This year the Annual bird count exercise assumes significance, considering the Avian Influenza outbreak in the Wildlife Sanctuary. Further, the Minister expressed satisfaction over the timely and effective containment measures taken by Wildlife Wing to control and contain Avian Influenza outbreak in the Wildlife Sanctuary.

PCCF (Wildlife) Archana Sharma and CCF Wildlife (North) Dharamshala Upasana Patial also participated and supervised the Annual Water Bird Count.

The total population of birds, as well as number of species, counted this year are marginally less as compared to last year, probably due to the impact of Avian Influenza outbreak which was first reported on 28th December 2020.

Although the total population of water birds declined during the peak of the Avian Influenza outbreak, there is a gradual increase in the total population of birds, the Minister informed.

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Himachal First State to Complete Assessment of Snow Leopard and its Wild Prey



Snow Leopard Population Assessment in Himachal Pradesh

Shimla-The assessment of snow leopard population in Himachal Pradesh has been completed by the state wildlife wing in collaboration with Nature Conservation Foundation (NCF) Bangalore following the protocol aligning with the SPAI (Snow Leopard Population Assessment in India) protocols of the Ministry of Environment, Forests and Climate Change. Himachal Pradesh has become the first state to complete assessment of snow leopard and its wild prey.

The state has an estimated population of up to 73 snow leopards.

It is the first scientifically robust estimate of snow leopards and its prey for the State. Since snow leopard is the state animal, the study assumes great significance for Himachal Pradesh.
The exercise revealed that snow leopard density ranged from 0.08 to 0.37 individuals per 100, with the trans-Himalayan regions of Spiti, Pin valley and upper Kinnaur recording the highest densities, both of the predator and its prey, mainly ibex and blue sheep.

This study covered the entire potential snow leopard habitat of Himachal Pradesh: an area of 26,112, utilising a stratified sampling design. Camera trapping surveys were conducted at 10 sites to representatively sample all the strata i.e. high, low and unknown. The camera trap deployment over the mountainous terrains was led by a team of eight local youth of Kibber village and more than 70 frontline staff of HPFD were trained in this technique as part of the project. Snow leopards were detected at all the 10 sites (Bhaga, Chandra, Bharmour, Kullu, Miyar, Pin, Baspa, Tabo, Hangrang & Spiti) suggesting that snow leopards are found in the entire snow leopard habitat in Himachal Pradesh either as resident individuals of a population or as dispersing individuals navigating through these connecting habitats.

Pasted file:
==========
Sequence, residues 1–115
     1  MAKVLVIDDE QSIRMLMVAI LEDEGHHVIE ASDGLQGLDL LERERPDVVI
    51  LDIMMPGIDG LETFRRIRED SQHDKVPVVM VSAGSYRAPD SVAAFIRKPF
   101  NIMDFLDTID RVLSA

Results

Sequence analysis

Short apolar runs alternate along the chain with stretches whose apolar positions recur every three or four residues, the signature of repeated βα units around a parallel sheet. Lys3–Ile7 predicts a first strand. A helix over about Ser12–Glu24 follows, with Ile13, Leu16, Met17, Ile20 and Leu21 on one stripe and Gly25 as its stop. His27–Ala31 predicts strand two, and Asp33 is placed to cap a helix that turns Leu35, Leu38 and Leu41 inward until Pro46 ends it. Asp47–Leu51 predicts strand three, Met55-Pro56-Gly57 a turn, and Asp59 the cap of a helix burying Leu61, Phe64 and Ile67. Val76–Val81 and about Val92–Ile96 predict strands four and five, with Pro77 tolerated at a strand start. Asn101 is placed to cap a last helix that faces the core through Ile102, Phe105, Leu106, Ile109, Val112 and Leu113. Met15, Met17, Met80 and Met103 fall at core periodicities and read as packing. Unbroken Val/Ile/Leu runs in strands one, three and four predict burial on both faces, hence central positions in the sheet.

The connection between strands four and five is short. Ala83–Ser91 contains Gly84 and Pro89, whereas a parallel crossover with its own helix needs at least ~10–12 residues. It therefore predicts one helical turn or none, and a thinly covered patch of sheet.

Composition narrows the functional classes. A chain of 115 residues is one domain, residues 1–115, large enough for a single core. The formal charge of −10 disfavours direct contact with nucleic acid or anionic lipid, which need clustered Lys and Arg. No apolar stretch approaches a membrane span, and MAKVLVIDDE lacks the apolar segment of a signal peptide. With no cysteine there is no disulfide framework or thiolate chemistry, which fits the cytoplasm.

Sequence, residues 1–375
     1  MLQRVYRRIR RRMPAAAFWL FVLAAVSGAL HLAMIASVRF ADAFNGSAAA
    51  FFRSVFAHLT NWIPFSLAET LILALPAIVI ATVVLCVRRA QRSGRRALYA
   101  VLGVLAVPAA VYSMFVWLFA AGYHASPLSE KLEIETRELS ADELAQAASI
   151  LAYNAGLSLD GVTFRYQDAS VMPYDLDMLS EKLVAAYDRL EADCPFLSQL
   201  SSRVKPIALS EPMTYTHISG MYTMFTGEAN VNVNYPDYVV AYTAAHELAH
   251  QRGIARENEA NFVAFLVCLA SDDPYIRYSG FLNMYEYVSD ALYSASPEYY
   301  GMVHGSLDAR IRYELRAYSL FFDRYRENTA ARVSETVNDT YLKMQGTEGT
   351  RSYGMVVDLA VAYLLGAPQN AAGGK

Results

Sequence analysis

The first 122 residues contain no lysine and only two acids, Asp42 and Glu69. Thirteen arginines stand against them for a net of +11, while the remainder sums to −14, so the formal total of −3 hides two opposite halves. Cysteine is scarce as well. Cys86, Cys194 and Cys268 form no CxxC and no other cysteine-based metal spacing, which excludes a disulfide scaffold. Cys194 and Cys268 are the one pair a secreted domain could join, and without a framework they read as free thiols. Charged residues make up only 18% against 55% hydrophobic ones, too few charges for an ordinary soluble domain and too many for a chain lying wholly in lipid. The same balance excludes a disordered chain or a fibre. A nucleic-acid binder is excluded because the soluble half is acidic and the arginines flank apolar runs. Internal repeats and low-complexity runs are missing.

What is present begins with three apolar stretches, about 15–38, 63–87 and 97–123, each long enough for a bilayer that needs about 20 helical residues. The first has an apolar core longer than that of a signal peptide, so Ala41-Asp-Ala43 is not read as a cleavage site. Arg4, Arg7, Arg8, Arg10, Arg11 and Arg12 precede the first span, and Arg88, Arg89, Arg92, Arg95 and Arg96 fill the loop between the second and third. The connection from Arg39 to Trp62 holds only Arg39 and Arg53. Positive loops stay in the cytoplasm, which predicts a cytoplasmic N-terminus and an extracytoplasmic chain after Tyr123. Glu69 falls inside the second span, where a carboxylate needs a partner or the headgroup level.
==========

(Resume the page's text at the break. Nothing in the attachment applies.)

Another revelation from the study is that a bulk of snow leopard occurrence is outside protected areas, reiterating the fact that local communities are the strongest allies for conservation in snow leopard landscapes.

The NCF and wildlife wing collaborated in the effort and it took three years to complete the assessment. MoEFCC had launched the First National Protocol on Snow Leopard Population Assessment in India, on the occasion of International Snow Leopard Day. You can read the complete protocol here.

Snow leopard is the icon of high mountains of Asia. In India, they inhabit the higher Himalayan and TransHimalayan landscape in an altitudinal range between approximately 3,000 m to 5,400 m above MSL, spanning c. 100,000 km2 in the five states of Jammu and Kashmir, Himachal Pradesh, Uttarakhand, Sikkim and Arunachal Pradesh. This area contributes to about 5% of the global snow leopard range.

Snow leopards occur over a vast, relatively remote and difficult to access mountainous area. Together with their elusive nature, this makes a complete population census of snow leopards an unfeasible goal. Even their distribution remains unclear. For example, recent surveys show that they do not occur in 25 % of the area that was thought to be their range in the state of Himachal Pradesh Their density is expected to be variable in space, dependent on several factors such as habitat suitability, prey availability, disturbance and connectivity. Variation in density across space also poses the risk of biased sampling, and, indeed, most of the snow leopard population assessments conducted so far across the world are biased towards the best habitats.

Feature Photo: Pexels/Charles Miller